Larry Burns, GM vice president for research and development and strategic planning, clearly knows the damage that dirty gas engines have had on the world, yet he still wants to keep on making them, even though they now say that electric is their focus.

Burns says that “Whether your concern is energy security, global climate change, natural disasters, the high price of gas, the volatile pricing of a barrel of oil and the effect that unpredictability has on Wall Street – all of these issues point to a need for energy diversity. Today, there are more than 800 million cars and trucks in the world. In 15 years, that will grow to 1.1 billion vehicles. We can’t continue to be 98-percent dependent on oil to meet our transportation needs. Something has to give. We think the Chevrolet Volt helps bring about the diversity that is needed. If electricity met only 10 percent of the world’s transportation needs, the impact would be huge.”

Of course, the impact would be even more huge if we transitioned to fully electric cars instead of the half-way step of a hybrid vehicle.

Burns says that “The DNA of the automobile has not changed in more than 100 years. “Vehicles still operate in pretty much the same fashion as when Karl Benz introduced the ‘horseless carriage’ in 1886”.

Of course, this isn’t entirely true. Back in the early 1900’s, there were cars that ran on gas/petrol, steam and electricity.  Gas won because it was cheap. How sad it is for the world that electric cars did not win the race 100 years ago – we’d be living in a very different world today.

But, thankfully, GM is finally putting electric cars firmly back at the top of their priorities, even as they continue flirting with the manufactured need for a hybrid engine. Burns says that “While mechanical propulsion will be with us for many decades to come, GM sees a market for various forms of electric vehicles, including fuel cells and electric vehicles using gas and diesel engines to extend the range. With our new E-flex concept, we can produce electricity from gasoline, ethanol, bio-diesel or hydrogen”.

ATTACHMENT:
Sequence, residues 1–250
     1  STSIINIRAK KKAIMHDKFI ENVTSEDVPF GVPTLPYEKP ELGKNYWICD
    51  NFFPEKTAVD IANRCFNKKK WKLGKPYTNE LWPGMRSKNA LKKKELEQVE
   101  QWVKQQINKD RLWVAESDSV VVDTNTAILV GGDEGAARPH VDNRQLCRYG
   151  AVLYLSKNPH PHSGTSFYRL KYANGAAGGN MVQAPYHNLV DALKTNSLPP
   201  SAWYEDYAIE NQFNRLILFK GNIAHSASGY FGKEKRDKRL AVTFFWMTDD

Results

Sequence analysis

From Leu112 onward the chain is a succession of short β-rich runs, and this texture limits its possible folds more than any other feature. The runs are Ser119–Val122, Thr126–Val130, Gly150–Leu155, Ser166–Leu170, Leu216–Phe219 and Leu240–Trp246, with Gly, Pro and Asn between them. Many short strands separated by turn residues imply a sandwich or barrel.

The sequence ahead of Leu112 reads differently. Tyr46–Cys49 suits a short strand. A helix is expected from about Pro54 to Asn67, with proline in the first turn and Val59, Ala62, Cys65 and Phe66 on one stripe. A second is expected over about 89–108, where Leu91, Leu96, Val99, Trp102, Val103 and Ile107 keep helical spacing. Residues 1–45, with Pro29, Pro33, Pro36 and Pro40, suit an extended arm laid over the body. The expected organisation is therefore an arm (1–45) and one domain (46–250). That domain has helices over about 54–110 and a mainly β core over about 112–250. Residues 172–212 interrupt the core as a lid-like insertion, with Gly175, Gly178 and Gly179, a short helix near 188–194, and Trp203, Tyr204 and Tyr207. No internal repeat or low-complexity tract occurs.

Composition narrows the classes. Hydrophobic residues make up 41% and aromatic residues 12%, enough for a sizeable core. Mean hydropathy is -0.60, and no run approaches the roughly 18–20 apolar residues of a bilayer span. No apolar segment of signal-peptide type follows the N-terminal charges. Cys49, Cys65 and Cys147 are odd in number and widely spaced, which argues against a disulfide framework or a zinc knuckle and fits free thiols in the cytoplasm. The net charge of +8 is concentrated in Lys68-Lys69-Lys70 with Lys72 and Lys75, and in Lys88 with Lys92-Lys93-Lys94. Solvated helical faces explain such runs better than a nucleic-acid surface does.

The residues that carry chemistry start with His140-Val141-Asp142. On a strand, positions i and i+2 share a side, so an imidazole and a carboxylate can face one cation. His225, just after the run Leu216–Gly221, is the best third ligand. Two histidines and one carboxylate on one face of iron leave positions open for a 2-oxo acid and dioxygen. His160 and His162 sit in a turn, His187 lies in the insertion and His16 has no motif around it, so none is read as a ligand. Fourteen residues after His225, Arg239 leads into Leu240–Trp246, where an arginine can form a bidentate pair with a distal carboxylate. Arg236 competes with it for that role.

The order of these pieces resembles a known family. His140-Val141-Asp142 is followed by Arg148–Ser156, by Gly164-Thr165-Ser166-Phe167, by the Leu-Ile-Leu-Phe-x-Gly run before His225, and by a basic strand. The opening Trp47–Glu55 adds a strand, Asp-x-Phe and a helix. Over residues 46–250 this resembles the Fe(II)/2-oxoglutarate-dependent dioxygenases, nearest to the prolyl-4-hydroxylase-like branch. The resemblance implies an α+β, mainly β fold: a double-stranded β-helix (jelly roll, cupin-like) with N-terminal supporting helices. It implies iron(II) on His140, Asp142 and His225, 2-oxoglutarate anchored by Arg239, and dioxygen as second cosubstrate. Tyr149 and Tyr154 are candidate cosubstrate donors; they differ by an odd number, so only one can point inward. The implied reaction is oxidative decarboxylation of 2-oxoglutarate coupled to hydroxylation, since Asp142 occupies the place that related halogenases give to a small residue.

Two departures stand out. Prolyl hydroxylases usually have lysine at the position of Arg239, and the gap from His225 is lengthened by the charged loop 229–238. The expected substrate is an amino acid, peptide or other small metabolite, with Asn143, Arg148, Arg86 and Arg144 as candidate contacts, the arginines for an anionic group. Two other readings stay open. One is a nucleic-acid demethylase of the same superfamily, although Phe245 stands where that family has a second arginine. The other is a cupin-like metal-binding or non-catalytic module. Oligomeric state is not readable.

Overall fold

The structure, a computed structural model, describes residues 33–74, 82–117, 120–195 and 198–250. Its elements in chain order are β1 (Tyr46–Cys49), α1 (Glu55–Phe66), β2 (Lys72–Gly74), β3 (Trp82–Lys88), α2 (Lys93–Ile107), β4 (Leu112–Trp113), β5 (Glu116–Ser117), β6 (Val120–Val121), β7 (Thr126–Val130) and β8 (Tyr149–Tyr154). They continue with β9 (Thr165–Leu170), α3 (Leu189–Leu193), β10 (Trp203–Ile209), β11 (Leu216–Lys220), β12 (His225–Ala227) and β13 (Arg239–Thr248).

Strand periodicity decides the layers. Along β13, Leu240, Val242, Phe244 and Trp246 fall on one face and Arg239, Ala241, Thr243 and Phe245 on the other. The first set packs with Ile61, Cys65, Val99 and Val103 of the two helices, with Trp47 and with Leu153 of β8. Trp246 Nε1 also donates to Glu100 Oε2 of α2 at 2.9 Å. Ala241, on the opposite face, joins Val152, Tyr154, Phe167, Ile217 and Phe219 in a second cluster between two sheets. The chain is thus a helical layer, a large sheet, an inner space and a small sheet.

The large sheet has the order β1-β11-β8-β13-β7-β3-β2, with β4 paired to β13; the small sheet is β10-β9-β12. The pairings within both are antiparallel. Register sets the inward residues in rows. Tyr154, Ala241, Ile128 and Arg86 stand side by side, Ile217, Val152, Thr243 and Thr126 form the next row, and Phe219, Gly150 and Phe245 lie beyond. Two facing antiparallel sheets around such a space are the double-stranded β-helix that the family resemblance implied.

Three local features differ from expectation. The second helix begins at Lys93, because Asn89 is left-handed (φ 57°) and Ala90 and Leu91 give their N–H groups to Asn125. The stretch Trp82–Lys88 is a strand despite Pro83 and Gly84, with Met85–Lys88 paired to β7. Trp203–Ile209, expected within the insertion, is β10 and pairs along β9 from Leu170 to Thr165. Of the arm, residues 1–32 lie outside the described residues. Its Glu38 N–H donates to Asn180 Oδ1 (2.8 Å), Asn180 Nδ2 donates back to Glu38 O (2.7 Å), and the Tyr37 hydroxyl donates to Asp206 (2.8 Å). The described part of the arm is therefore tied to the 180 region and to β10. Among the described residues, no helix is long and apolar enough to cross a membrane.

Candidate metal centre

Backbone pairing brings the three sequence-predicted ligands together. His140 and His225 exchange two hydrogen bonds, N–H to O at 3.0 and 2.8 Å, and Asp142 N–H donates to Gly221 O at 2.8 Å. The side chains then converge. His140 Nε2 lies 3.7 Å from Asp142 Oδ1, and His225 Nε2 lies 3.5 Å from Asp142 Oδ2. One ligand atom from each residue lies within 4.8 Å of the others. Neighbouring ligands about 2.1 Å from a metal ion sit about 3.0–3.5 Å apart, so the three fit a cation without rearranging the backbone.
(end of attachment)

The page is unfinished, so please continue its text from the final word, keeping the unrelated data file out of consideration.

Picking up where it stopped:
He continues that “We can tailor the propulsion to meet the specific needs and infrastructure of a given market. For example, somebody in Brazil might use 100-percent ethanol (E100) to power an engine generator and battery. A customer in Shanghai might get hydrogen from the sun and create electricity in a fuel cell. Meanwhile, a customer in Sweden might use wood to create bio-diesel.”

All of that is good and well, but if Tesla Motors can make a powerful electric only car today, without need for any wood powered bio-diesel from the forests of Sweden, with engines dramatically less complicated than hybrid engines, most of these alternatives are just sweet sounding distractions that are simply not needed.

Want to know more? Visit GM’s website to read the entire press release and look out for plenty of news about the Volt in the week to come all over the Internet.


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Alex Zaharov-Reutt

Alex Zaharov-Reutt is iTWire's Technology Editor is one of Australia’s best-known technology journalists and consumer tech experts, Alex has appeared in his capacity as technology expert on all of Australia’s free-to-air and pay TV networks on all the major news and current affairs programs, on commercial and public radio, and technology, lifestyle and reality TV shows. Visit Alex at Twitter here.